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Internet movie streaming

Discussion in 'Copyright, Trademark, Patent Law' started by derek veazey, Apr 24, 2020.

  1. derek veazey

    derek veazey Law Topic Starter New Member

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    I am having a debate with a friend regarding movie copyright law. She is a musician on a website on which she has paying subscribers. She is streaming movies using OBS (open broadcast software) without a license to her subscribers on a weekly basis for entertainment purposes. I am wondering if I am right in thinking this is a public showing and therefore constitutes violation of movie copyright law.
     
  2. mightymoose

    mightymoose Moderator

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    Your friend is breaking the law.
     
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  3. derek veazey

    derek veazey Law Topic Starter New Member

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    That's what I thought, thanks for your response
     
  4. welkin

    welkin Member

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    You have to explain this. What movies is she streaming while playing? Are they movies that she doesn't have a license to use?

    Why do you think she needs a license to her subscribers? She would need a license from the copyright holder of the movies she is streaming not her subscribers.
     
  5. Zigner

    Zigner Well-Known Member

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    The OP literally answered your question in the same sentence that you quoted.

    I agree that the sentence construction wasn't optimal, but the intent was clear.
     
  6. PayrollHRGuy

    PayrollHRGuy Well-Known Member

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    I don't agree. OBS is Free and open source software for video recording and live streaming. That is how the friend is streaming not what is being streamed.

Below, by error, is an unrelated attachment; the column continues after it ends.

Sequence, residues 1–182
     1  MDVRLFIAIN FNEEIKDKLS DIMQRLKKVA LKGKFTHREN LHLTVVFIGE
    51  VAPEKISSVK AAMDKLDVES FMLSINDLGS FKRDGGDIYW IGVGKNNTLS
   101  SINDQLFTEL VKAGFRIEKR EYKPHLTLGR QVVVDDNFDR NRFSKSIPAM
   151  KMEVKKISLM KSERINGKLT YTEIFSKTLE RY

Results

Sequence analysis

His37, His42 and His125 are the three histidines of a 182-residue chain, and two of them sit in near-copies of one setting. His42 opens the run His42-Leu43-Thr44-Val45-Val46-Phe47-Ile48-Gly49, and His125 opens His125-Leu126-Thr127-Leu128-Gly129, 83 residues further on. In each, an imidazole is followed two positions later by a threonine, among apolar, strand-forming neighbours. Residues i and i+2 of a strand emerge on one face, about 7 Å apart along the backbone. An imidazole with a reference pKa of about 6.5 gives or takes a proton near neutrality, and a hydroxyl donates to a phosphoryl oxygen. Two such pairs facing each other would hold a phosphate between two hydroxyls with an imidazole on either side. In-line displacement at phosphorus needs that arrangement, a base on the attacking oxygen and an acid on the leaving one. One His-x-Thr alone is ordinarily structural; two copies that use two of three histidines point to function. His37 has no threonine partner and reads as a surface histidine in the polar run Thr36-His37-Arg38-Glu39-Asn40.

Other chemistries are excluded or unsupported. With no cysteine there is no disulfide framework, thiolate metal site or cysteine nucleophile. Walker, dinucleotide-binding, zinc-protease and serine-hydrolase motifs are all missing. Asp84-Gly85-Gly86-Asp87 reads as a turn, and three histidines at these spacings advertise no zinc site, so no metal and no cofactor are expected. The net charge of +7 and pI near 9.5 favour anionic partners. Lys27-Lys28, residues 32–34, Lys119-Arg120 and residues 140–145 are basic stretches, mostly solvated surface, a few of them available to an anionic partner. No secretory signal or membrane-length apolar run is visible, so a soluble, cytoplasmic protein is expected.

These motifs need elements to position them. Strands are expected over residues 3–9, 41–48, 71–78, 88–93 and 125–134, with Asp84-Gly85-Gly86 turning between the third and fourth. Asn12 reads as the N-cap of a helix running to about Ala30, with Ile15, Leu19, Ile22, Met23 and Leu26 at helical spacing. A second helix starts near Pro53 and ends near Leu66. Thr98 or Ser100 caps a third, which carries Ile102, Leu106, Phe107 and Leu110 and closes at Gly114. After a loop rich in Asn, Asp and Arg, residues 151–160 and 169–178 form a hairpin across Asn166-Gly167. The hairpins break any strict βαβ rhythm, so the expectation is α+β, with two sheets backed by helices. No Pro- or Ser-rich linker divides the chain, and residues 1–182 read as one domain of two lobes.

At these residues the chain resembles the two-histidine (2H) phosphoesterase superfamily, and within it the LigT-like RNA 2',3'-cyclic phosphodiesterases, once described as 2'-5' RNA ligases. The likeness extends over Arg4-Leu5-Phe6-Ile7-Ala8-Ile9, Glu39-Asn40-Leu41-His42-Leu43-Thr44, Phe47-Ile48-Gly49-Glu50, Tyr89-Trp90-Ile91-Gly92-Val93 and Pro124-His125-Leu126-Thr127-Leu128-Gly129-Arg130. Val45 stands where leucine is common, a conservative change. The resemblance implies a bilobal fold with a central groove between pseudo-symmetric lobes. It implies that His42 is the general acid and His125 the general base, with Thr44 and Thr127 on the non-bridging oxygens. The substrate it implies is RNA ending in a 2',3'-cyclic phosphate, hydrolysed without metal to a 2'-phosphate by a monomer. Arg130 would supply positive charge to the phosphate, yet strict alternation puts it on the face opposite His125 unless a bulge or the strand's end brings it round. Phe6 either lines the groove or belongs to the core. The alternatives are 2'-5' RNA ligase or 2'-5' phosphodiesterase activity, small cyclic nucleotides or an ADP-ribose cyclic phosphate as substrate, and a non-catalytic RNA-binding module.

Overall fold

That said, there is little doubt that whatever she is streaming is a copyright violation.
     
  7. Zigner

    Zigner Well-Known Member

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    I was referring to the "without a license" part ;)

    ETA: Of course, as I said, the sentence construction/lack of punctuation makes it all ambiguous.
     
  8. Zigner

    Zigner Well-Known Member

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    This would been a better way to state it to avoid the ambiguity that arose.
    Another alternative would have been:
    Or:
     
  9. zddoodah

    zddoodah Well-Known Member

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    You are correct.

    Section 106 of the Copyright Act (17 U.S.C. section 106) gives "the owner of copyright under this title . . . the exclusive rights to do and to authorize any of" several listed acts, including, "in the case of . . . motion pictures and other audiovisual works, to perform the copyrighted work publicly."

    Section 101 (17 U.S.C. section 101) states that, "[t]o 'perform' a work means to recite, render, play, dance, or act it, either directly or by means of any device or process or, in the case of a motion picture or other audiovisual work, to show its images in any sequence or to make the sounds accompanying it audible." Section 101 also states that, "[t]o perform or display a work 'publicly' means—

    . . .

    (2) to transmit or otherwise communicate a performance or display of the work to a place [open to the public or where a substantial number of persons outside of a normal circle of a family and its social acquaintances are gathered] or to the public, by means of any device or process, whether the members of the public capable of receiving the performance or display receive it in the same place or in separate places and at the same time or at different times."

    Your friend is a wholesale copyright infringer, who could be liable for a whole host of nasty stuff under Chapter 5 of the Copyright Act, including damages between $750 and $30,000 per act of infringement.
     
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